(a) The Education Bureau (EDB) promotes national education through various activities, which include running professional development programmes for teachers, developing learning and teaching resources, and organising cross-boundary exchange/learning activities for students and teachers. In the past five years, the EDB's expenditure on national education for primary and secondary schools increased from $35.3 million in 2007-08 to an estimate of $95.7 million in 2011-12, including some $7.6 million for teachers' professional development, $30.1 million for developing learning and teaching resources, and $58 million for organising cross-boundary exchange/learning activities for students and teachers.

(b) National education activities aim to help students gain a comprehensive understanding of the motherland from different perspectives and provide students with holistic learning experiences. For example, the objective of learning and exchange activities in the Mainland is to provide opportunities for students to understand the national situation through first-hand experience in four dimensions, namely, natural resources, humanities, history and contemporary development.

     Participating schools will usually conduct reflection and sharing sessions during and after the activities. Some will also organise project learning to enable students to share experience, reflect on and consolidate what they have learnt. Schools are required to submit reports to the EDB within one month after the activities, setting out the learning requirements and performance of students, what have been gained by students, and ways to extend and promote the outcomes and experiences of these activities within and outside the schools. The EDB will study the information, which can provide reference for reviewing the activities and for planning more systematically Mainland exchange activities that are better integrated with the school curriculum. These activities have positive effects on students' national identity.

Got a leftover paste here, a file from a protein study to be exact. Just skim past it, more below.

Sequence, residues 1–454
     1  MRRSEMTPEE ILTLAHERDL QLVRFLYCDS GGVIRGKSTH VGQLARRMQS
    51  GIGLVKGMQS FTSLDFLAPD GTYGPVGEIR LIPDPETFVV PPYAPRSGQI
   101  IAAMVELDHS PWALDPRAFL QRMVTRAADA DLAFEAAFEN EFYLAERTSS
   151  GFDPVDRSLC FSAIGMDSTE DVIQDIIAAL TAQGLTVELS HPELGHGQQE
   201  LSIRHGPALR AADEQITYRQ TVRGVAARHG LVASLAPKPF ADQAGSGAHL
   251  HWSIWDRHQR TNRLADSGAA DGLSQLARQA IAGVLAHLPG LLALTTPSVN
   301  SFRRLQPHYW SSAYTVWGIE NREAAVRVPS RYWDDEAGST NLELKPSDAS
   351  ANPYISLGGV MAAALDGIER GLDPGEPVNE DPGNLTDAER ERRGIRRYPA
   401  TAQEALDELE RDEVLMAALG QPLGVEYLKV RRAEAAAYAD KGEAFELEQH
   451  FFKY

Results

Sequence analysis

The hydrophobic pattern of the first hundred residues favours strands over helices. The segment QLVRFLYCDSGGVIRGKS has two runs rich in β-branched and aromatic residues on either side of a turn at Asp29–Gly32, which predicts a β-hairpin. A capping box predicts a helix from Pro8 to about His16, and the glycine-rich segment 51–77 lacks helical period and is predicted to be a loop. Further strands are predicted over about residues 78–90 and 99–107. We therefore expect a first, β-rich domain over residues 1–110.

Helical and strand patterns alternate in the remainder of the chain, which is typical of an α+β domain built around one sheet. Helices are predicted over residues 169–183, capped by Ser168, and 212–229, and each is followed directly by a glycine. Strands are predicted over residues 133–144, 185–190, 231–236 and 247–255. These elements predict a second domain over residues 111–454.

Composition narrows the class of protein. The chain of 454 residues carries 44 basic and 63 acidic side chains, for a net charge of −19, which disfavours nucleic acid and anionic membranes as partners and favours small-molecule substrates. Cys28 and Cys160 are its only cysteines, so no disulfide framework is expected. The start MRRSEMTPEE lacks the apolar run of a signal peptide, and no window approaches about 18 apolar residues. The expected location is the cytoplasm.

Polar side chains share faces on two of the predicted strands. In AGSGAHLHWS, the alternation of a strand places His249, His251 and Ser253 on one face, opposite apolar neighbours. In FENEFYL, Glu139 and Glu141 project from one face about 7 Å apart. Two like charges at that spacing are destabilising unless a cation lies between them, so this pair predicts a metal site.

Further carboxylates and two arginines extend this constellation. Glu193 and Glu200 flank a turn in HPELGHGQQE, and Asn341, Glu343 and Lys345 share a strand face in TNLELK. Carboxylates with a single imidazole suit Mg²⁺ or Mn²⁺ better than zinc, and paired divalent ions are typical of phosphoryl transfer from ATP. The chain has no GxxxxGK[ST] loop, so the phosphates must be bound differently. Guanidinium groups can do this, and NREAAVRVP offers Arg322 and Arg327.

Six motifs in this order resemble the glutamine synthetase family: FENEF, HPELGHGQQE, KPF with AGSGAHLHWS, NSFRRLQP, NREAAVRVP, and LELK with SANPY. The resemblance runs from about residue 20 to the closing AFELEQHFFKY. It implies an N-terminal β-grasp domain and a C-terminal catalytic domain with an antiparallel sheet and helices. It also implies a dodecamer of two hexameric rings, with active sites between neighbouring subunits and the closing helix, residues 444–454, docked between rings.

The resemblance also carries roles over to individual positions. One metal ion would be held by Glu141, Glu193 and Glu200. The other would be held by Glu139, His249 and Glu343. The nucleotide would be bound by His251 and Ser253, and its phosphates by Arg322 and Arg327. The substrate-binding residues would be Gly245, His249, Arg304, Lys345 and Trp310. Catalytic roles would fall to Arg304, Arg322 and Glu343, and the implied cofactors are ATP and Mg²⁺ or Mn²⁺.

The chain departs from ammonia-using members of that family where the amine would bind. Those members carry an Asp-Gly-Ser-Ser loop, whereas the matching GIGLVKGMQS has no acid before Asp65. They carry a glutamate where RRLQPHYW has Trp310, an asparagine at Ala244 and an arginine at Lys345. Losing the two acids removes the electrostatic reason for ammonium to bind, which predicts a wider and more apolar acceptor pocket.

(c) and (d) The EDB's expenditure on Mainland exchange activities, including subsidies for primary and secondary schools organising such activities, increased from $12 million in 2008-09 to $58 million (estimate) in 2011-12, with the number of participating students expected to increase from 10 340 to 42 700 over the same period.

(e) According to information provided by the Home Affairs Bureau, there is no specific fund established under the Committee on the Promotion of Civic Education (CPCE) to sponsor national education activities. Despite that, the CPCE sponsors projects on national education through different channels. In the past five years, the amount of funds for these projects increased from $500,000 in 2007-08 to an estimate of $4.97 million in 2011-12.

     As regards the Community Investment and Inclusion Fund, its purpose is not to provide funding for national education programmes.  According to our record, it has not funded any such programme.

     The assistance programmes to be launched by the Community Care Fund in 2011-12 include setting up a school-based fund for a period of three years to subsidise primary and secondary students from low-income families participating in cross-boundary learning activities organised by schools so as to enhance their knowledge, expand their horizons and enrich their learning experiences. Cross-boundary learning activities covered by the school-based fund include those held in the Mainland. Such activities can enhance students' understanding of the motherland, and strengthen their national identity. The Community Care Fund has reserved $164.4 million for the operation of the school-based fund in 2011-12.

Ends/Wednesday, July 13, 2011
Issued at HKT 12:01